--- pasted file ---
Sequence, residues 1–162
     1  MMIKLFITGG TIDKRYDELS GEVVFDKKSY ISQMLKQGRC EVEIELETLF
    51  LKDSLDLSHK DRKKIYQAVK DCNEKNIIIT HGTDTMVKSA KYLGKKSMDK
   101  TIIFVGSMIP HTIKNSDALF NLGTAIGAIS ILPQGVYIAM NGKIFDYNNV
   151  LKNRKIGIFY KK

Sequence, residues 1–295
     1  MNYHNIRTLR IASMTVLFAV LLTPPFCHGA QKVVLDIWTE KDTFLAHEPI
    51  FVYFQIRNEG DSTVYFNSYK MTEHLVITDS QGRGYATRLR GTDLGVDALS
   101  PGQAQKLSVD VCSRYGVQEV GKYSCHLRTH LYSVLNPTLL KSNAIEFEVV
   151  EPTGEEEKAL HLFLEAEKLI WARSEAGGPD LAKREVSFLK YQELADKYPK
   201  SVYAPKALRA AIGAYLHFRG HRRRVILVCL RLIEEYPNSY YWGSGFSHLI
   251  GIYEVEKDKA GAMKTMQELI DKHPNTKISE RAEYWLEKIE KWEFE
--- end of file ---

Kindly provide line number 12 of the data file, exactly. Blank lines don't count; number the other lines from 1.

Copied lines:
   251  GIYEVEKDKA GAMKTMQELI DKHPNTKISE RAEYWLEKIE KWEFE